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Historical Coffee Blend - Original Recipe
Paris, 20 Mai 1839
The Historical Coffee Blend «Honoré de Balzac, Paris 1839» is the celebrated coffee of Balzac, consumed in May of 1839, when Traité des Excitants Modernes was published.
The authentic coffee of Honoré de Balzac, roasted in the old way according to the traditions of the day.
That day, Balzac celebrated his fortieth birthday and the publication of his ‘Treatise on Modern Stimulants’, in which he dedicated a chapter to coffee, his ambrosia, which he had consumed in enormous quantities for almost twenty years.
His bills were accumulating, but all his energy was devoted to his work and literary glory.
Balzac was a genius who, each night, following a flawless ritual, appealed to the 'coffee-inspiration, made according to the formula' to come to the rescue of his genius, like a shaman appealing to the spirits.
For Balzac, coffee was much more than a stimulant: it was the elixir of his inspiration, without which, he wrote several times, he was not able to create.
History has kept in mind that those who had the privilege of being invited to the coffee ceremony, presided over by Balzac, tenderly cherished the memory ever after.
Balzac was not only an immoderate consumer of coffee; he was also a conversant gastronome and an enlightened connoisseur of coffee. His correspondence reveals myriad references to his attachment to 'good coffee'.
If Balzac's consumption was quite eclectic, his preferences were inclined to a blend of colours. The most commonly cited source is the biography of Léon Gozlan, entitled Balzac in slippers (Balzac en pantoufles): 'the coffee was composed of three kinds of bean - Bourbon, Martinique and Mocha.' Edmond Werdet, who was Balzac's sole editor for almost two years, described the coffees from which Balzac's coffee was composed.
The above biographical citations are supported by several invoices conserved in the Lovenjoul collection, notably a summary invoice from 1832 which covered a period of eight months, payable to M. Le Baron de Balzac, which makes frequent mention of the purchase of coffee of Martinique, Mocha and Bourbon varieties.
But what was the proportion of each coffee in Balzac's blend?
Balzac's blend assertively spanned the nineteenth century. Many were the works that sang its praises. In 1828, the 'Gourmand Code', published by his friend Raisson, recommended a blend composed of one part 'Green Martinique', one part Bourbon and one part Mocha. In the same period, the 'French Gastronome', which Balzac printed, supported the same recommendation: 'after conducting our own experiments in hundreds of ways, we have ultimately settled on the following method, that we are presenting as official. We roast separately (and ourselves) one part 'Green Martinique', one part Bourbon and one part Mocha.' In 1846, the Coffee Amateur's Manual, which established itself as a reference in regard to coffee, recommended the blend of these three same coffees in the same proportions.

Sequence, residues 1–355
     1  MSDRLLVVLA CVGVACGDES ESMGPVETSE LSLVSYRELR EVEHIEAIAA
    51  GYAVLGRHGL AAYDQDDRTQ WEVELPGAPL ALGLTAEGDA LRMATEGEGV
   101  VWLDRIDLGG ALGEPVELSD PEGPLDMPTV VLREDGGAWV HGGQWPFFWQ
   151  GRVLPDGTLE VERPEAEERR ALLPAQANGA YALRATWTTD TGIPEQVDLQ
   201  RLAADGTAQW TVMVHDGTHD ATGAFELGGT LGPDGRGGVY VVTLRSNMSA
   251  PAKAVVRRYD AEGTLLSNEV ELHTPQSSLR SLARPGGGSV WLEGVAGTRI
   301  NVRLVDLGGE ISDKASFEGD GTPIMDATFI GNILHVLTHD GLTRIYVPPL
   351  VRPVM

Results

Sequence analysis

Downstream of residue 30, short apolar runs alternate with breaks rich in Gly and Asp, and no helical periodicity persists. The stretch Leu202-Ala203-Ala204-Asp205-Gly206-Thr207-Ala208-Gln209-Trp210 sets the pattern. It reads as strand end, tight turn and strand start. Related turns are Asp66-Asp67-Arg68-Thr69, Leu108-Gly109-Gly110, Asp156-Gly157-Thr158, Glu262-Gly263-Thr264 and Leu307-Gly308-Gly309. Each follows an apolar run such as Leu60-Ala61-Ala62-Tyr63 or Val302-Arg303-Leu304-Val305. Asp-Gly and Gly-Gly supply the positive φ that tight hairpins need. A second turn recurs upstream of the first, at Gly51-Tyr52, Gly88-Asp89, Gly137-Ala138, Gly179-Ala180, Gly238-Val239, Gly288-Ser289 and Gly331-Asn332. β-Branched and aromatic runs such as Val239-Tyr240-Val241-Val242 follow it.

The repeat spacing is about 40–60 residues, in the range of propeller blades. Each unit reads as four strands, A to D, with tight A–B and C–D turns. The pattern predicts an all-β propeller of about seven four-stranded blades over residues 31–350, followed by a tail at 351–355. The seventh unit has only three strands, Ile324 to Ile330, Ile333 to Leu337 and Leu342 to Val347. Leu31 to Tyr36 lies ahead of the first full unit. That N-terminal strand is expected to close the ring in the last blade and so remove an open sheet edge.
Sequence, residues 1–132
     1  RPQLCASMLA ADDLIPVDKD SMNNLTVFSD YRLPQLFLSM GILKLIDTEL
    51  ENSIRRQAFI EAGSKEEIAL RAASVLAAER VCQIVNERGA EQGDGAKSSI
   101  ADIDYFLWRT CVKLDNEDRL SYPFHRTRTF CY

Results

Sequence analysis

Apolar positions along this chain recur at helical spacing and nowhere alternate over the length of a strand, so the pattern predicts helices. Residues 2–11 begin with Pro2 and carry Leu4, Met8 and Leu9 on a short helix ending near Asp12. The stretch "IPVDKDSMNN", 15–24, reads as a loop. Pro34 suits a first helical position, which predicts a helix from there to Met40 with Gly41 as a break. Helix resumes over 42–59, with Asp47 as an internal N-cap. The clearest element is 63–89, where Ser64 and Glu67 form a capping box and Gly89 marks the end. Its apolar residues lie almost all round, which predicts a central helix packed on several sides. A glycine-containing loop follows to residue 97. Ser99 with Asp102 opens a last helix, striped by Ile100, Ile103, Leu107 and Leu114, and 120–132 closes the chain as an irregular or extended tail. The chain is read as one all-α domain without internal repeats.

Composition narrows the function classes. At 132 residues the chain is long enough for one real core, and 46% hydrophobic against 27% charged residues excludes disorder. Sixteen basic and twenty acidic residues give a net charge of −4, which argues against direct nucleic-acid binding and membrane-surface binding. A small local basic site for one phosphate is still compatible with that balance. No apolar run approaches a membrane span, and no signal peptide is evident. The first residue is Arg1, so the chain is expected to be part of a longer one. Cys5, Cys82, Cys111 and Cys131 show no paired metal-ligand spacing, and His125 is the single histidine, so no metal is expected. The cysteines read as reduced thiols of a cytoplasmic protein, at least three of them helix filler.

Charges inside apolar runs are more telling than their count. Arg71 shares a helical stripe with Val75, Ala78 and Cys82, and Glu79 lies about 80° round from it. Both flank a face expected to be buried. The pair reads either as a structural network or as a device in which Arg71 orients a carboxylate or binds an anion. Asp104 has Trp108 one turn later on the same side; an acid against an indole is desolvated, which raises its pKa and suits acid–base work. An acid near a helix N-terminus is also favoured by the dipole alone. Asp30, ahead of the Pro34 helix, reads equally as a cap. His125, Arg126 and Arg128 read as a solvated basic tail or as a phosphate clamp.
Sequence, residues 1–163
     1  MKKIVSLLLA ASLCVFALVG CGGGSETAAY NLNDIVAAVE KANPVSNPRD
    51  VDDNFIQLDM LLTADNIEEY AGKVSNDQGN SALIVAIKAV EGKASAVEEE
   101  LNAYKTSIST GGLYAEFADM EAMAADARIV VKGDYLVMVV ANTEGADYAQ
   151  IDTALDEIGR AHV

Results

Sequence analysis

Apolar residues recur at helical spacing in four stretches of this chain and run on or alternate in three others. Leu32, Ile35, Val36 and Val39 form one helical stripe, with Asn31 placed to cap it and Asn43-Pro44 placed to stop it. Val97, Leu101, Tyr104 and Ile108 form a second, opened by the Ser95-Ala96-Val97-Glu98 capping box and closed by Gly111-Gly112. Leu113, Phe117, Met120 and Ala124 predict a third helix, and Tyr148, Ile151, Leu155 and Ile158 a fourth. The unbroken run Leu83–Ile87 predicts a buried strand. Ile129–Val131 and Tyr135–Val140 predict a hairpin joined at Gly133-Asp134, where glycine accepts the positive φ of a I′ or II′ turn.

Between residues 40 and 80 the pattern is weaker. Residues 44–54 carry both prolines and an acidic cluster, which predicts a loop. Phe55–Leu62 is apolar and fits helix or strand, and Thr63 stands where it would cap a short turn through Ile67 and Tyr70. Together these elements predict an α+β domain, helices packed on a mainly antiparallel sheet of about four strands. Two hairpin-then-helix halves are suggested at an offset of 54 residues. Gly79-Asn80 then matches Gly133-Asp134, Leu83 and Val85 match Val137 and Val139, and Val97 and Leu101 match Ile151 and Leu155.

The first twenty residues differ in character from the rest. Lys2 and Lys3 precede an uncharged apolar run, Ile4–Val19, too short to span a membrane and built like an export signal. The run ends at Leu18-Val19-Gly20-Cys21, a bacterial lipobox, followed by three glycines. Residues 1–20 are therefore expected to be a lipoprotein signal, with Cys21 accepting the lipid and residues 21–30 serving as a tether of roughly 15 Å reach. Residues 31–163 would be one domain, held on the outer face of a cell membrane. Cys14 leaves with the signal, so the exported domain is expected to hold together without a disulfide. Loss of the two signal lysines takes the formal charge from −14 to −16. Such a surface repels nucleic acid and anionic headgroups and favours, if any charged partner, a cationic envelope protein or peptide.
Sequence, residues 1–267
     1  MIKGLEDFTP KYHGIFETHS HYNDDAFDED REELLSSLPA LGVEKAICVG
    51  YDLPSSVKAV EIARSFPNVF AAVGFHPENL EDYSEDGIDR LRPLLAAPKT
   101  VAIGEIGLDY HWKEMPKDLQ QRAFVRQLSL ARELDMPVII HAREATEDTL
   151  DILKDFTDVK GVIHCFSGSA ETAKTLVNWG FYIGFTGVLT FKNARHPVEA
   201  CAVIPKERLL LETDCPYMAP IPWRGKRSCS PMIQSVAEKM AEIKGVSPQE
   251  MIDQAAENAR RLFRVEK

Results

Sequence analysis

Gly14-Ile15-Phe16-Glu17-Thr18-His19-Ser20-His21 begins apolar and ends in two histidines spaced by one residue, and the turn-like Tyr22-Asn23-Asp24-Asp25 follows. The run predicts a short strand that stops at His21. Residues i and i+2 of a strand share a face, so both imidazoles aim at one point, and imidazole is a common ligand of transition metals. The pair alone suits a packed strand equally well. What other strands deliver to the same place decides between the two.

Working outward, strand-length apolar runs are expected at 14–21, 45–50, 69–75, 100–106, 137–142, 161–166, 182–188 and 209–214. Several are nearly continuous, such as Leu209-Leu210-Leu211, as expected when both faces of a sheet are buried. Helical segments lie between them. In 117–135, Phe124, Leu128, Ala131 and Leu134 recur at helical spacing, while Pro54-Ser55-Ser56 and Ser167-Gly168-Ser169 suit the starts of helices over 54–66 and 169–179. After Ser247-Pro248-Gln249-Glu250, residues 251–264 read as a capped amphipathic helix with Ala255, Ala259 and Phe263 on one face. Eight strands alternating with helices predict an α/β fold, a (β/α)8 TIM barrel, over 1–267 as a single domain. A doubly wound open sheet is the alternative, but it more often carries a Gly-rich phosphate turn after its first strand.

During the composition of the Human Comedy, Balzac would have ingested in total:
- between 17 and 25 cups per day
- a cup every 17 minutes during his nights of work
- a packet of 250 g of coffee every day
- between 60 and 90 kilogramms per year
- between 162 000 and 243 000 cups
- between 19 000 and 29 000 liters of infused coffee
- between 1,6 and 2,5 tonnes of coffee beans
- between 21,4 and 40,7 kg of cafeine
For each work he wrote, Balzac consumed on average: 251 litres of coffee, which equals 2090 cups, or 86 250g packets.
Balzac's average annual consumption was:
- 20 to 30 times higher than a Parisian's average consumption in 1847
- 10 to 15 times higher than a Frenchman's average consumption in 2015
Balzac's coffee was legendary.
"What a colour! What an aroma! He made it himself, or at least he always presided over the decoction. An expert, subtle, divine decoction, which was as much his as his genius," Léon Gozlan extolled in his biography.
To achieve this result, Balzac left nothing to improvisation: he used a unique cafetière and a meticulous dosage.
Honoré de Balzac prepared his coffee in a cafetière that was said to be à la de Belloy (also à la Dubelloy and again Du Belloy or Dubelloire), which was gifted to him by Zulma Carraud in 1832 - that is to say, seven years prior to the publication of the Treatise on Modern Stimulants, in which he makes reference to it.